## Scores to probabilities of outcome

Most of the current scoring systems are developed either to yield a score and then an estimate of the probability of a given outcome (TISS, APACHE II, APACHE III, SAPS II) or to yield directly an estimate of the probability of a given outcome (MPM II). The outcome measure which has been the main focus in adult intensive care is hospital mortality, defined as death before discharge from hospital following intensive care.

The weights or coefficients associated with the factors in scoring systems are derived from analysis of large databases of intensive care patients (usually thousands of patients) containing information on both the patient factors required for the scoring system and the outcome, survival, or death before discharge from hospital following intensive care.

For each scoring system, the association between the independent variables (treatments, patient characteristics, physiological measurements) and the dependent variable (death before discharge from hospital following intensive care) is described in the form of a mathematical equation, known as a multiple logistic regression model. APACHE II, APACHE III, and SAPS II sum weights for some or all of the independent variables into a score before incorporation into the model. The model describes the strength of the association of each of the different independent variables with the dependent variable, while allowing for the effect of all the other independent variables in the same model.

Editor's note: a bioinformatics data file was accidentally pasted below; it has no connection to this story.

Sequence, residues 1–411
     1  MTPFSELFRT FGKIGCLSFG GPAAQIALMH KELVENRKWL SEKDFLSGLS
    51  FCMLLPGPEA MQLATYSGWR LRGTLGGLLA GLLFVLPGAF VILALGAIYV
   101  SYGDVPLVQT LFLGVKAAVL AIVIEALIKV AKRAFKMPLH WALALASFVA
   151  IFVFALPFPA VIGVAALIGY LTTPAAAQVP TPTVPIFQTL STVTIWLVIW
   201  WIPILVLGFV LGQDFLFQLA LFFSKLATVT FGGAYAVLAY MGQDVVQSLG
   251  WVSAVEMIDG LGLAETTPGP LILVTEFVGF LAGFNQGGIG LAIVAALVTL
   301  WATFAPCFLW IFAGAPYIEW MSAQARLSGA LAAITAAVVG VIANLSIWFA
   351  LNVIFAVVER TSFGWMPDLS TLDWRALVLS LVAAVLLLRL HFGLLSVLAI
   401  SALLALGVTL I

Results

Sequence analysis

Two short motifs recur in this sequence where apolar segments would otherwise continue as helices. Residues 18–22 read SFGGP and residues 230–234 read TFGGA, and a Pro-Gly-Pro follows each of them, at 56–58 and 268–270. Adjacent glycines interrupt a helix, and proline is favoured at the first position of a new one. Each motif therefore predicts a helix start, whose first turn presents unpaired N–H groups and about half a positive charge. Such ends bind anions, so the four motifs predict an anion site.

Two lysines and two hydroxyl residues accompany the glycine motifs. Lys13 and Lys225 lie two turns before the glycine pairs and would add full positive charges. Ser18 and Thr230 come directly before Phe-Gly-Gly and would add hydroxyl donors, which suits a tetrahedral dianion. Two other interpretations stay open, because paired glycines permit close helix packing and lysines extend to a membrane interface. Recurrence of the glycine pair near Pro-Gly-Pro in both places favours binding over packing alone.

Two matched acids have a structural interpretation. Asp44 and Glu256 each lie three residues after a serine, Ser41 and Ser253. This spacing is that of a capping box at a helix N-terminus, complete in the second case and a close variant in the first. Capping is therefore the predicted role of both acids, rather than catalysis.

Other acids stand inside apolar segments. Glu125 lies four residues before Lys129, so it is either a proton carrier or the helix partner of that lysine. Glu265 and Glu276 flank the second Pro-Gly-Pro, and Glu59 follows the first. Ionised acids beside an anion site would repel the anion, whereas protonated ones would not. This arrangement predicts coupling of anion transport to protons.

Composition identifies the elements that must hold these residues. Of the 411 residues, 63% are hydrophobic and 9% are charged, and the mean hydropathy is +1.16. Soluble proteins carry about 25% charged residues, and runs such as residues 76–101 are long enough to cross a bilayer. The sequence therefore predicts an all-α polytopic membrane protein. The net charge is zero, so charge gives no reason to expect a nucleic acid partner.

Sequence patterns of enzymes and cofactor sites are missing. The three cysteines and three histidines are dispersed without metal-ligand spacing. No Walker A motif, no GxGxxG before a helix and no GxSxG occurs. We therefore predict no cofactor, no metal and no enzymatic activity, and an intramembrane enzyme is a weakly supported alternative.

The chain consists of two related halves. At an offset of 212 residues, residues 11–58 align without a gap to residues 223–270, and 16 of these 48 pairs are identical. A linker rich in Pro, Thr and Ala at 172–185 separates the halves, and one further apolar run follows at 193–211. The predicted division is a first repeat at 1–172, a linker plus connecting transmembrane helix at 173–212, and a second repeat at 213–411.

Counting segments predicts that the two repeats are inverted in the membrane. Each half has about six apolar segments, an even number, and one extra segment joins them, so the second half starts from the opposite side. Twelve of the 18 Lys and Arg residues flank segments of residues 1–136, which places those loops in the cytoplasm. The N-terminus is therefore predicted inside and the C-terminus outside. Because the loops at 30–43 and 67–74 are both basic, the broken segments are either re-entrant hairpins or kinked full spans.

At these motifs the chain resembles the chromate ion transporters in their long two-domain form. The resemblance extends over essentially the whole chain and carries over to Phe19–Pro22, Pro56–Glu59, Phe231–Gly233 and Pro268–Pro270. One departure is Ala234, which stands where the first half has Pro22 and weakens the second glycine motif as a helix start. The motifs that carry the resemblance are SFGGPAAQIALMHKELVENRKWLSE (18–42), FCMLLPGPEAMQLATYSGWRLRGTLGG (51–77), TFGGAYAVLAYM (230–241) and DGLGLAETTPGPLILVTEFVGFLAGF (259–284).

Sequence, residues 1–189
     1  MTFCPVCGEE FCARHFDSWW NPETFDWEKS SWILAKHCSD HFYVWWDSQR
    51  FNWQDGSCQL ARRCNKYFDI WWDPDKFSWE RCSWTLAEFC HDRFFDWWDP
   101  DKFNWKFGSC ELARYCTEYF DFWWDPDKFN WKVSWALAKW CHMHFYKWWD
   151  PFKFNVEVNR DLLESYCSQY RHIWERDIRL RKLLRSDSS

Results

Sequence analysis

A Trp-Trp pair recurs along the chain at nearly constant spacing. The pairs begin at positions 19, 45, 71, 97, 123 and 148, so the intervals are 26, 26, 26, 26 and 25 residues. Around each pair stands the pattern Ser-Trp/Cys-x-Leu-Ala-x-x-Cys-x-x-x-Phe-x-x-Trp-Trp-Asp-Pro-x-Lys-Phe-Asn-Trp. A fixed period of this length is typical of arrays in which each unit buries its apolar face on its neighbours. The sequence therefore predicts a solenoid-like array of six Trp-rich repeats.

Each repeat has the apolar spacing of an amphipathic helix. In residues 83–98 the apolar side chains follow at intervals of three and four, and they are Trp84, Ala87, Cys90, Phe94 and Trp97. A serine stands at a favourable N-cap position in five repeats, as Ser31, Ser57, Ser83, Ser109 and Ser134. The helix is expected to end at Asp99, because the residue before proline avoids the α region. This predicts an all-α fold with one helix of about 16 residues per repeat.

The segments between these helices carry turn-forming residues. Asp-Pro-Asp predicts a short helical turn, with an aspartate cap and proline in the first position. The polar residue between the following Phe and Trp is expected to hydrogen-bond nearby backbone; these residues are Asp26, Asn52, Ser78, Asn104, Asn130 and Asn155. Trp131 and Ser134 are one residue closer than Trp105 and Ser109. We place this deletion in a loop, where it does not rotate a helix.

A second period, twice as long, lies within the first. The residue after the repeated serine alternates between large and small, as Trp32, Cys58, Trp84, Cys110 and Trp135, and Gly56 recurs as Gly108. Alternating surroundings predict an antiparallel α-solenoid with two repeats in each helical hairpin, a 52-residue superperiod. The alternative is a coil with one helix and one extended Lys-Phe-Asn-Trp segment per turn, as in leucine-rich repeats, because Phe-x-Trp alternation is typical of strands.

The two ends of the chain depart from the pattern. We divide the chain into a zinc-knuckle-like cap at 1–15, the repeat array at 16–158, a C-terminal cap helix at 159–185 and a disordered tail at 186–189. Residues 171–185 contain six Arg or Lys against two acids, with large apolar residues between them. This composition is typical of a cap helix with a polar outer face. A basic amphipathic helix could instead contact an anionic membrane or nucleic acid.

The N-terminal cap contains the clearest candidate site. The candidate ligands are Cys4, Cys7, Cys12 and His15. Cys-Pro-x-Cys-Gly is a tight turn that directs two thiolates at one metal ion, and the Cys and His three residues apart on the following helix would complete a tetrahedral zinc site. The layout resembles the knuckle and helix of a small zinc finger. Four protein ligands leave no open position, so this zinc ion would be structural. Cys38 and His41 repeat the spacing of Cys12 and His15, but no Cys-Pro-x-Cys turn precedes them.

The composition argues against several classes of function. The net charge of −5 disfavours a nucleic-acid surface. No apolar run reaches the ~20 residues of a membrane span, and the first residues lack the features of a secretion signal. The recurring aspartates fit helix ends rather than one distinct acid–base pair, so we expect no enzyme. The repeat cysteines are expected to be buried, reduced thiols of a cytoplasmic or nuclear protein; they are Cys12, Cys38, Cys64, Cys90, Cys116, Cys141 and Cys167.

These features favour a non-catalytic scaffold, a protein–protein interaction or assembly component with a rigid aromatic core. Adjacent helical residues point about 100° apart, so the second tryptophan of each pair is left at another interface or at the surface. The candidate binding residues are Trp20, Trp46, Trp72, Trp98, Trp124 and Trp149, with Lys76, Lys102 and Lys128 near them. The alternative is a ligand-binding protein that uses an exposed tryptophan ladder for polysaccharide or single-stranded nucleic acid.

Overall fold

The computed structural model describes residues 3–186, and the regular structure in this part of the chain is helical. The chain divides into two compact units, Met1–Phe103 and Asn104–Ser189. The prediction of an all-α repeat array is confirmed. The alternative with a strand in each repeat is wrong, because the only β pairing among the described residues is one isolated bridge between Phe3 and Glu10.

Once estimated, the model can be applied to a group of intensive care patients for whom data are available on the independent variables to estimate the expected hospital death rate. By applying the model, the probability of death before discharge from hospital following intensive care can be estimated for each patient and summed for all patients to yield the expected hospital death rate for the whole group of patients.

The expected hospital death rate can then be compared with the actual hospital death rate. This is often displayed in the form of a ratio of actual to expected hospital death rates, referred to as the standardized mortality ratio (SMR). When the actual hospital death rate is greater than the expected the resultant SMR is greater than 1.0, and when the actual hospital death rate is less than expected the resultant SMR is less than 1.0. Confidence intervals can be calculated to determine whether the difference from 1.0 is statistically significant ( Raopogort.e,L§L 1994).

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